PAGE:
Support groups, parenting classes, grief counseling for children and suggestions for children on how to integrate with their new family are included in the program.

So, what do the Baylor social work students contribute to the program? The reinforcement that things are being done right.

“Buckner is offering programs connected to what social workers call best practices,” Singletary said. “But they haven’t really had the research to really demonstrate with more facts—How effective are our programs? How cost effective are our programs? That’s where Baylor comes in.” The students will provide that information through long-term longitudinal studies following children and families through process over a series of years.

For Singletary, the project has put faces to the facts about orphans in Africa.

“As a professor, I know the numbers and read the data that talks about the fact that there are as many as 100 million orphans most of whom live in Africa and half of their families have been affected by HIV and AIDS. 30,000 children die daily from the effects of poverty and most of those are in Africa,” he said.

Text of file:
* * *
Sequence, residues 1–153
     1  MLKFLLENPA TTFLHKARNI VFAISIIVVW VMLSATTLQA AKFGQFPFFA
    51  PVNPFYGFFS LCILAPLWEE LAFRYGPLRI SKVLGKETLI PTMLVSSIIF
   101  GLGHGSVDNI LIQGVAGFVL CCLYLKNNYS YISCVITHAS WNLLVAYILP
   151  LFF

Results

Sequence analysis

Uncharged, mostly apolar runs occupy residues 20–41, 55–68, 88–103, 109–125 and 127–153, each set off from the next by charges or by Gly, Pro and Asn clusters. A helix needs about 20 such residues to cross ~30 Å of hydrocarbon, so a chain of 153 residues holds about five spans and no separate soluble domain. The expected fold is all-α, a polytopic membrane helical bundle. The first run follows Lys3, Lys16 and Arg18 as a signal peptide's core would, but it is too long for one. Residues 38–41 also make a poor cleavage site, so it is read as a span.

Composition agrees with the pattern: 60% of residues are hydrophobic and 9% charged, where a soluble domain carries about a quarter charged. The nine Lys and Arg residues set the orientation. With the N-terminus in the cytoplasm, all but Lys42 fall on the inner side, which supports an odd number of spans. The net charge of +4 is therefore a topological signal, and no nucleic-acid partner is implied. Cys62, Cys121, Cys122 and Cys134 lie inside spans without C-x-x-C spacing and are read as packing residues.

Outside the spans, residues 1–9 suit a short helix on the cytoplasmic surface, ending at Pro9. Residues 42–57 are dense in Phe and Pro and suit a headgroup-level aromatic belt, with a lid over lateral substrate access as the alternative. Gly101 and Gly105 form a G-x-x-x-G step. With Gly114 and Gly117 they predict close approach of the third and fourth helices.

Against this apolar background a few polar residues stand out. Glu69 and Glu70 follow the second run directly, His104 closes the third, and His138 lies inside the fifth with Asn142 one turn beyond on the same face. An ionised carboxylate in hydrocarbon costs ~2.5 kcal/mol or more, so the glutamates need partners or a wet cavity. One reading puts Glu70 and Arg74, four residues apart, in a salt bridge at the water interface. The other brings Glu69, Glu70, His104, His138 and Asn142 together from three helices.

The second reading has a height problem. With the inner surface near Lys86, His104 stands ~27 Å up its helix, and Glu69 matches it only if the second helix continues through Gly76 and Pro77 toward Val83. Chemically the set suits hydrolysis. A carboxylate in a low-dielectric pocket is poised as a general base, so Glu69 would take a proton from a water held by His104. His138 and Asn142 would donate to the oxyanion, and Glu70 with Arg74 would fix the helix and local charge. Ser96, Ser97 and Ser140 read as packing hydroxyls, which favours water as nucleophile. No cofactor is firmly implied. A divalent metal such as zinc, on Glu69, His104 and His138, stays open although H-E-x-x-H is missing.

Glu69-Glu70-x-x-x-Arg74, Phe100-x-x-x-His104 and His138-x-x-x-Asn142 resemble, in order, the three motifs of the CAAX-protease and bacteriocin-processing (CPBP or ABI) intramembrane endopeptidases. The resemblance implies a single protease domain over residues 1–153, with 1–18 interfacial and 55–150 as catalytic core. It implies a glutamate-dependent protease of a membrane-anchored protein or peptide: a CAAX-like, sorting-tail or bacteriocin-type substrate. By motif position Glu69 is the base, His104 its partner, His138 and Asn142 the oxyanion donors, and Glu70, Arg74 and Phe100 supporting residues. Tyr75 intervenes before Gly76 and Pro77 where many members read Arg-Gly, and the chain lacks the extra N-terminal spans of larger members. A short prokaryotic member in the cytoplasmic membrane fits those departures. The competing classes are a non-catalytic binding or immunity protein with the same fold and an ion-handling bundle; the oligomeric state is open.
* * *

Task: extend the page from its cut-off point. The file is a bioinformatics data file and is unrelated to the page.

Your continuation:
“So, I keep pretty current on the numbers. But also, as is true with most people, the numbers don’t really change your heart. The numbers almost have the reverse effect; they almost just paralyze you. When you hear that number, most of us, it makes you think what can I do, what difference can I make.

“But that’s where seeing a child, playing with a child, and for me, seeing a connection between that child and a family, seeing that child has a family they love and a family that loves them comes in. I want to keep that connection strong.”